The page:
We love our dynasties in college football.
You know, Notre Dame, Oklahoma, Alabama, Nebraska and so forth. We put them on the pedestal, then wait for them to fall.
And when they do fall, we look for them to rise again.
We carefully check in each season, watch every game and look for any little sign that the program is about to return to past glory. We study each victory, look for a signature win and then ask, "Are they back?''
That's where we are now with the University of Miami.
Are the Hurricanes back?
Well, there's a lot to like here. The 'Canes are undefeated. They are ranked seventh in the country. They knocked off Florida in what many Miami fans want to believe is the signature win that proved the Hurricanes are once again among the nation's elite.
I don't know about that. I'm not quite ready to say they are all the way back, but they are headed in the right direction thanks to a dynamic young coach and an NCAA investigation that has finally been put to rest.
This weekend the Hurricanes play their biggest game in recent memory, going to Tallahassee to take on third-ranked Florida State.
Win that game, then I'll say they are all the way back.
Yet even if the Hurricanes take a pounding — and that would not be surprising — the program is starting to look as if the future can resemble the glorious past.
For most of the 1980s and 1990s Miami was the program everyone loathed but everyone wanted to be.
They talked the talk and walked the walk to five national championships from 1983 to 2001. They consistently finished in the Top 10 and almost always showed up on your television on New Year's Day. The Orange Bowl was the most feared football field in the land.
They cranked out Heisman Trophy winners and All-Americans and NFL stars. Even their coaches — Jimmy Johnson, Dennis Erickson, Butch Davis — parlayed their successful stints into NFL jobs.
Larry Coker won Miami's last national title, during the 2001 season, played for the title again the next season and finished fifth in the final Associated Press poll the season after that.
And then everything just fizzled out.
Back-to-back 9-3 seasons were followed by 7-6, and Coker was out. Former player Randy Shannon lasted four seasons, going 28-22, and he was out.
That's when Al Golden, a former Penn State star who turned Temple's sickly program around, was brought in to revitalize the Hurricanes. That was after the 2010 season, just about the time the NCAA began what proved to be a 2½`-year investigation because of activities former booster Nevin Shapiro engaged in with the program.
Golden could have bolted and no one would have blamed him. The Shapiro mess didn't happen on his watch. Instead, he stuck it out and was somewhat rewarded when Miami, after a self-imposed two-year bowl ban, found out last week the NCAA was giving it a slap on the wrist: nine lost scholarships over three years and no bowl ban.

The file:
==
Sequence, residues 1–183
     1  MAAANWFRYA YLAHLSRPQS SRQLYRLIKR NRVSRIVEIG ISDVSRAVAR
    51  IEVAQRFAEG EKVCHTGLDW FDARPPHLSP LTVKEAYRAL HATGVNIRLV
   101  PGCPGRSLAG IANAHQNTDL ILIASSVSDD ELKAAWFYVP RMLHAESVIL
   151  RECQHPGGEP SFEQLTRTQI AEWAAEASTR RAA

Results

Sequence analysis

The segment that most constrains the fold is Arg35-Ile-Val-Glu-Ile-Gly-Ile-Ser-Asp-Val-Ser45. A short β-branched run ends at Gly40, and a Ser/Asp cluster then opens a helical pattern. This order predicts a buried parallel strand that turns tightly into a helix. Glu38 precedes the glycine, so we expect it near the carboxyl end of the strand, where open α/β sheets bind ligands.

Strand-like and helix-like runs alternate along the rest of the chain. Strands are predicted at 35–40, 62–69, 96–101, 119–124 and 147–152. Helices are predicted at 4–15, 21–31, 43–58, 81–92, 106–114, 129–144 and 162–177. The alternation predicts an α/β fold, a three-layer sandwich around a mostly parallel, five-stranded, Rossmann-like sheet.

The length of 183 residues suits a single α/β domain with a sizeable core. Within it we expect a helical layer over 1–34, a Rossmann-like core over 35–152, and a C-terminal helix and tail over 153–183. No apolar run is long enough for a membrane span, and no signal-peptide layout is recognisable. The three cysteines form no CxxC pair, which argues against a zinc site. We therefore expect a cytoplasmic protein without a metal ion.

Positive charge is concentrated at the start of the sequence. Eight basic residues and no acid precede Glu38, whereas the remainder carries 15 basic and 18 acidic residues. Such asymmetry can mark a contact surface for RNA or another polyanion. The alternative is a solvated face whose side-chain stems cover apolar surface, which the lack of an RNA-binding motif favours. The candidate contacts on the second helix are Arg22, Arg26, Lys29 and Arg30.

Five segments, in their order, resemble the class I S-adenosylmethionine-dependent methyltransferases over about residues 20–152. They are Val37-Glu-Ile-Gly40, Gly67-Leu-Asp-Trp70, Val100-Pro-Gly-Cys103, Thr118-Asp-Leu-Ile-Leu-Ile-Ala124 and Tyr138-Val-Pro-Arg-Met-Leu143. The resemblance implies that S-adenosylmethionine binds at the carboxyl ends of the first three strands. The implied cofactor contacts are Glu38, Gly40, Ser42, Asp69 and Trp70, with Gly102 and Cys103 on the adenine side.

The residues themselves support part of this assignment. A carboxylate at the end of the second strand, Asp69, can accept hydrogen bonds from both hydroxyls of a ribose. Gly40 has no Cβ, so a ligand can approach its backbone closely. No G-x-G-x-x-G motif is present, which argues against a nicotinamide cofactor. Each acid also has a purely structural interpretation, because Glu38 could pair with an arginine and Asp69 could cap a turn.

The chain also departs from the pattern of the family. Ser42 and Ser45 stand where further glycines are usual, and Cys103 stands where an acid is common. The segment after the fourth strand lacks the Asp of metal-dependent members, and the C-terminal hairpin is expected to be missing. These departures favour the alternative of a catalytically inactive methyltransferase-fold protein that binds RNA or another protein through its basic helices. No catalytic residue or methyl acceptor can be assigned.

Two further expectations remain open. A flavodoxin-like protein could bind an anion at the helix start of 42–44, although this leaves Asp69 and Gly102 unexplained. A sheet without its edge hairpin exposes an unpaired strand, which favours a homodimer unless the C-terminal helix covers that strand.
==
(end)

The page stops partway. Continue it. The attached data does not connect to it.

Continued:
The best part is the waiting is finally over. The dark cloud over the program has been removed. When I asked Golden about it this week, he was so giddy that he laughed before answering.
"As I said for the last 28 months, you can't quantify the impact and the negative repercussions associated with that,'' Golden, 44, said. "Well guess what? You can't quantify how excited we are about moving on. That's how we feel. It gives us an opportunity to move our program forward and just get on level footing again.''
Led by senior quarterback Stephen Morris, running back Duke Johnson and a defense that is giving up only an average 17.7 points a game — 11th-best in the country — the Hurricanes have racked up a 7-0 record. But — and Miami fans won't want to hear this — it's a wobbly 7-0. UM's best victory is over a Gators team that is clearly down and still dominated Miami statistically.
The Hurricanes then needed last-minute touchdowns to narrowly escape upset losses to North Carolina and Wake Forest, teams with a combined record of 6-9.
"Certainly our guys feel they have the opportunity to finish games and to win,'' Golden said. "There are a lot of things we have to fix. The wins down the stretch can't mask what we have to fix. And we're going to have to get better to have an opportunity this weekend.''
Ah, yes, this weekend. Frankly, with the way the Seminoles and quarterback Jameis Winston are playing, this game could turn ugly on Miami. But it shouldn't ruin what feels like the start of something good again in Coral Gables.
"We want to be in these types of meaningful games every year,'' Golden said. "It's great to be a part of it. We're just going to keep checking boxes and focus on the little things and, obviously, get ready for a great opportunity, and, really, approach (it) in no other way than looking at it as an opportunity.''
It's an opportunity that has been a few years coming. And, you get the feeling with Golden in charge, the opportunities will keep on coming until someday soon we'll look up and say, "The Hurricanes are back.''